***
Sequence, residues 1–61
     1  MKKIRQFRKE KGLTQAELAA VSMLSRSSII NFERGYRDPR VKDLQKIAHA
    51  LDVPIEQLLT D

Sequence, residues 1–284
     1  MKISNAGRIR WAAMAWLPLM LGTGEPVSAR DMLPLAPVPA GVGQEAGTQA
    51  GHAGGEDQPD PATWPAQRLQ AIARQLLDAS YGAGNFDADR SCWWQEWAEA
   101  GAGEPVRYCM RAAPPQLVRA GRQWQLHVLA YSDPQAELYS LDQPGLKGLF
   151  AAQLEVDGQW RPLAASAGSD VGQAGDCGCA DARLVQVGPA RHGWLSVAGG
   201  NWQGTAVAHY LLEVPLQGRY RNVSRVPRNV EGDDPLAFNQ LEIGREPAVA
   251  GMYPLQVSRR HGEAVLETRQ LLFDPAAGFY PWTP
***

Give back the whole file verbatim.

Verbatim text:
Sequence, residues 1–61
     1  MKKIRQFRKE KGLTQAELAA VSMLSRSSII NFERGYRDPR VKDLQKIAHA
    51  LDVPIEQLLT D

Sequence, residues 1–284
     1  MKISNAGRIR WAAMAWLPLM LGTGEPVSAR DMLPLAPVPA GVGQEAGTQA
    51  GHAGGEDQPD PATWPAQRLQ AIARQLLDAS YGAGNFDADR SCWWQEWAEA
   101  GAGEPVRYCM RAAPPQLVRA GRQWQLHVLA YSDPQAELYS LDQPGLKGLF
   151  AAQLEVDGQW RPLAASAGSD VGQAGDCGCA DARLVQVGPA RHGWLSVAGG
   201  NWQGTAVAHY LLEVPLQGRY RNVSRVPRNV EGDDPLAFNQ LEIGREPAVA
   251  GMYPLQVSRR HGEAVLETRQ LLFDPAAGFY PWTP